Key Concepts About Subsamples and Weights Associated with Environmental Chemical Data

For a various reasons, only some, but not all, participants are selected for environmental chemical measures. For example:

Although the majority of environmental chemicals are measured for subsamples, some are measured for the entire examined sample (within a targeted age or other demographic group). In these cases the corresponding MEC weight should be used in the analysis.

EXAMPLE:  Blood lead concentration in NHANES 1999–2000 participants aged 1 year and older
1999–2000 Lab 06 Nutritional Biochemistries documentation [PDF - 114 KB]

Subsampling strategy for environmental chemical measures

The subsamples selected for many environmental chemical components are chosen at random with a specified sampling fraction (for example, 1/2 or 1/3 of the total examined group) according to the protocol for that component. Each component subsample has its own designated weight, which accounts for the additional probability of selection into the subsample component, as well as the additional nonresponse.

Environmental chemical subsamples are most often 1/3 sample of a specified age group of the examined sample. In this case, the corresponding 1/3 subsample weight should be used in the analysis.

EXAMPLE:; Perchlorate concentrations are measured in the urine of a one-third subsample of participants ages 6 years and older in NHANES 2003–2004.
2003–2004 Lab 04 Urinary Perchlorate documentation [PDF - 3.3 MB]

EXAMPLE: Volatile organic compounds concentrations are measured in the blood of a one-half subsample of participants ages 20 to 59 years in NHANES 2003–2004. Lab 04 Volatile Organic Compounds in Blood and Water documentation [PDF - 80 KB]


Considerations if conducting an environmental analysis when variables originate from different subsamples and thus have different subsample weighting.

On occasion, an analyst may be interested in conducting an analysis that involves environmental chemical measures obtained in a subsample (such as a 1/3 subsample) AND measures obtained in another subsample (such as the morning fasting subsample). The reweighting of the sample weights in this situation is a special case that requires advanced statistical expertise. It is not a simple task and is beyond the scope of this tutorial.  Inexperienced analysts should seek appropriate statistical consultation in this case.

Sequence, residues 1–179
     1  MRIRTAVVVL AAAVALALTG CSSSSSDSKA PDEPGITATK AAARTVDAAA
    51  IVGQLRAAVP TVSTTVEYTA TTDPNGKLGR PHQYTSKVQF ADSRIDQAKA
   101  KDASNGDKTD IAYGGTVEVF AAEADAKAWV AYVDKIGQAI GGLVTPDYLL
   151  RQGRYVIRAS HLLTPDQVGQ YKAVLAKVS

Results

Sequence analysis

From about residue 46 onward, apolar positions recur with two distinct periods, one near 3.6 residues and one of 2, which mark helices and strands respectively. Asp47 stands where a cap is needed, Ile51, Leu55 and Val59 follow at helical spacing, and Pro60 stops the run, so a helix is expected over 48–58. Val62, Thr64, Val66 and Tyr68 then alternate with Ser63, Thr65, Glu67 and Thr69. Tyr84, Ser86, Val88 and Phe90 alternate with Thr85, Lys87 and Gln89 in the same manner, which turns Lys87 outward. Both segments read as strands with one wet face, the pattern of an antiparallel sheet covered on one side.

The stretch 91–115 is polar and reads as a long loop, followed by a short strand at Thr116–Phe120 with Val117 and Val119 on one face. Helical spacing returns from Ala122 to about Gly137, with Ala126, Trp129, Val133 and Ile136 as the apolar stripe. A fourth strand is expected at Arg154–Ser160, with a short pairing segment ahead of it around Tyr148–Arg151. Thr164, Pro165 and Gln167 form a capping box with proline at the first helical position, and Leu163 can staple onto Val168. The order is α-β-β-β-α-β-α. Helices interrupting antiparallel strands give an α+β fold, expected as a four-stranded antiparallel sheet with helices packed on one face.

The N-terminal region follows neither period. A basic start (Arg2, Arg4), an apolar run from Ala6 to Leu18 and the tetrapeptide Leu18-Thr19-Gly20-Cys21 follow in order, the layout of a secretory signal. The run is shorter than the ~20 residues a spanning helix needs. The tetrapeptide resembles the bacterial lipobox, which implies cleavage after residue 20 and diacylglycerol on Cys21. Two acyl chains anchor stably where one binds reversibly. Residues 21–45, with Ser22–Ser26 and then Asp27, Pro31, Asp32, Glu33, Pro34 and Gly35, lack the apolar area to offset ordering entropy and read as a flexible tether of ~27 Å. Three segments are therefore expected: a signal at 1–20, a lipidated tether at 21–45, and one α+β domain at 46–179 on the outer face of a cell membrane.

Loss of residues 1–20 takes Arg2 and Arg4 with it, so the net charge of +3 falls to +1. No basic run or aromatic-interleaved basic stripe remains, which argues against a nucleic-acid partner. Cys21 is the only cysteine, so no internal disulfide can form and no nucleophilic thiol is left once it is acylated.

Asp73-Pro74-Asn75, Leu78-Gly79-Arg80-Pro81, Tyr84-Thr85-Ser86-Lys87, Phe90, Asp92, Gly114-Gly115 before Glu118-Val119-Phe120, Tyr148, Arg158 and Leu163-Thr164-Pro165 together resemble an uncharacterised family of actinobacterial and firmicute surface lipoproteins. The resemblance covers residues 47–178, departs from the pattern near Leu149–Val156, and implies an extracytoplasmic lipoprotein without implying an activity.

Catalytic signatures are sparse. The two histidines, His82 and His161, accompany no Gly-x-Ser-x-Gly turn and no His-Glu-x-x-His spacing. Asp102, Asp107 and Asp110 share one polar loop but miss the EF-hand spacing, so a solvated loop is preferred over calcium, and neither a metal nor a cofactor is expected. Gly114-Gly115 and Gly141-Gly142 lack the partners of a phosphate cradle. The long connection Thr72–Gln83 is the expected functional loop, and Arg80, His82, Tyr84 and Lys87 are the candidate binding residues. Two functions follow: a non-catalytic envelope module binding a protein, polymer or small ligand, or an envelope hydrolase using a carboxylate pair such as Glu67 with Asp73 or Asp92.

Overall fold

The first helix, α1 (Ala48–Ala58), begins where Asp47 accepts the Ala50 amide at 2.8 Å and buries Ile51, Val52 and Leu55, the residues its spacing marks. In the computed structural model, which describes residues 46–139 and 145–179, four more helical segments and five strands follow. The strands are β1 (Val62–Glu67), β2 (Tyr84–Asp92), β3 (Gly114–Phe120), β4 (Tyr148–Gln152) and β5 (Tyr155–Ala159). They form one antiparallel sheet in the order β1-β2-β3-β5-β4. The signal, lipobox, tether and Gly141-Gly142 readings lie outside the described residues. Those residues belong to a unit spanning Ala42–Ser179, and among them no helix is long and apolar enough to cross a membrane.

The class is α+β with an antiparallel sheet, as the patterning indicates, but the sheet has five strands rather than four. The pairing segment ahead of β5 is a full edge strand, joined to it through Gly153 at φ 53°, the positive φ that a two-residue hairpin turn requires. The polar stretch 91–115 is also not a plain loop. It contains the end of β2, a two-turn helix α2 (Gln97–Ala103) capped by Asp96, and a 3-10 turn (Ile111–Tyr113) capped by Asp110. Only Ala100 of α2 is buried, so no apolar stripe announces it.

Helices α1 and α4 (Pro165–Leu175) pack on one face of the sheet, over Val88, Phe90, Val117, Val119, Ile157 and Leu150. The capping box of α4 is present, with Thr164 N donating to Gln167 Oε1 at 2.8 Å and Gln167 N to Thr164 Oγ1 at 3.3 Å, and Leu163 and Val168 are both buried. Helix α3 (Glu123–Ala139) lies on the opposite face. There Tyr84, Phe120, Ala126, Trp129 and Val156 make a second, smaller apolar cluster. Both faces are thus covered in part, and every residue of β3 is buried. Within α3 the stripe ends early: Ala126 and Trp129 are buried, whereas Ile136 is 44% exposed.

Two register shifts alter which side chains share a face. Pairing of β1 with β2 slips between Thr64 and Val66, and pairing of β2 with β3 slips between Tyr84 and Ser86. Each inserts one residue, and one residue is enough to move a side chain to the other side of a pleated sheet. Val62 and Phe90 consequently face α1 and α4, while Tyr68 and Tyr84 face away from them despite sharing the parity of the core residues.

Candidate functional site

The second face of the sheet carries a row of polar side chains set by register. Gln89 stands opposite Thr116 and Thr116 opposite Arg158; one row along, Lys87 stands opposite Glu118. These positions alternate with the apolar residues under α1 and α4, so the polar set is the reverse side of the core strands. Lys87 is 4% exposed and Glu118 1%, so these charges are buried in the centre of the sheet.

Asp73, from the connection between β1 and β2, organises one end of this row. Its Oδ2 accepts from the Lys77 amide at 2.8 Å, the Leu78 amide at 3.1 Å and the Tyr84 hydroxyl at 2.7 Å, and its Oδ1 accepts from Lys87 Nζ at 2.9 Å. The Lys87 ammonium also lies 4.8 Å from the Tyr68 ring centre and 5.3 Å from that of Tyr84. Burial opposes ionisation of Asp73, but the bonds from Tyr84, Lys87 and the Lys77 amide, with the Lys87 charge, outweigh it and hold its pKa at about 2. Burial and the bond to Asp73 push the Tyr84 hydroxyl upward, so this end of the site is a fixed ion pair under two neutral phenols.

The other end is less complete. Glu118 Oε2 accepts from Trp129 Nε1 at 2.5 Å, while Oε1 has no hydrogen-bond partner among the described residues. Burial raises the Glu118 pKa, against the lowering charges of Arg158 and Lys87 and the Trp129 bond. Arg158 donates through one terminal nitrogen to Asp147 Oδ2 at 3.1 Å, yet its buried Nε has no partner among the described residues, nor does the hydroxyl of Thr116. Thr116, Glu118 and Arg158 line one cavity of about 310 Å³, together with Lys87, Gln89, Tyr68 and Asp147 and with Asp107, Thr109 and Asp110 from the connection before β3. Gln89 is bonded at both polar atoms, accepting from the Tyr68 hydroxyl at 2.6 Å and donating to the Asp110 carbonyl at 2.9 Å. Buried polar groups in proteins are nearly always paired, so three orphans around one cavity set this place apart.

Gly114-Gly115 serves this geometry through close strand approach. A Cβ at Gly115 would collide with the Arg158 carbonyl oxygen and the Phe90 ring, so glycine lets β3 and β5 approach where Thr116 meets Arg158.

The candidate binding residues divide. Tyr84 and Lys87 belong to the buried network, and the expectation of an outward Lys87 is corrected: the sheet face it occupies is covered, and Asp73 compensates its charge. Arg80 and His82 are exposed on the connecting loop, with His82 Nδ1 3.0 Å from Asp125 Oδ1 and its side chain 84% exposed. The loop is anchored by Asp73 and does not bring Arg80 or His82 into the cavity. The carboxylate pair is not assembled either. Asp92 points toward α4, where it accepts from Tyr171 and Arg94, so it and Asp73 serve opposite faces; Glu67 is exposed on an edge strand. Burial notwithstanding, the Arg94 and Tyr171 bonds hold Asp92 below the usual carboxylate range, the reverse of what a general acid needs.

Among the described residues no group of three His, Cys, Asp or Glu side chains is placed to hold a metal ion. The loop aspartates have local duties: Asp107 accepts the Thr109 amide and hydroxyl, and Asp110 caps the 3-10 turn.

Pooled specimens (rarely used)

In order to have enough specimen volume to measure very low concentrations, some environmental chemical concentrations have been measured in specified demographic groups after pooling biologic specimens within specified age-race-gender examined subsamples with surplus serum or urine. Analysis of these pooled specimens will provide estimates for the age-race-gender categories sampled. These estimates are not representative of the United States population. For these analysis sample weights are not employed.

EXAMPLE:  Polyfluoroalkyl chemicals (PFCs) in pooled serum samples collected from participants 3-11 years old in NHANES 2001–2002.
Polyfluoroalkyl Chemicals (Pooled Samples) documentation [PDF - 116 KB]


NHANES III convenience sample for environmental chemical measures)

Some environmental chemical concentrations were measured in a convenience sample of NHANES III participants.  Analysis based on this convenience sample will not produce nationally representative estimates for these environmental chemicals. No sample weights are available for use with these laboratory results.

EXAMPLE Dialkylphosphates in surplus sera collected from participants > 18 years old in NHANES 1988–1994.
32A. Surplus Sera Laboratory Component: Dialkylphosphates documentation[PDF - 282 KB]


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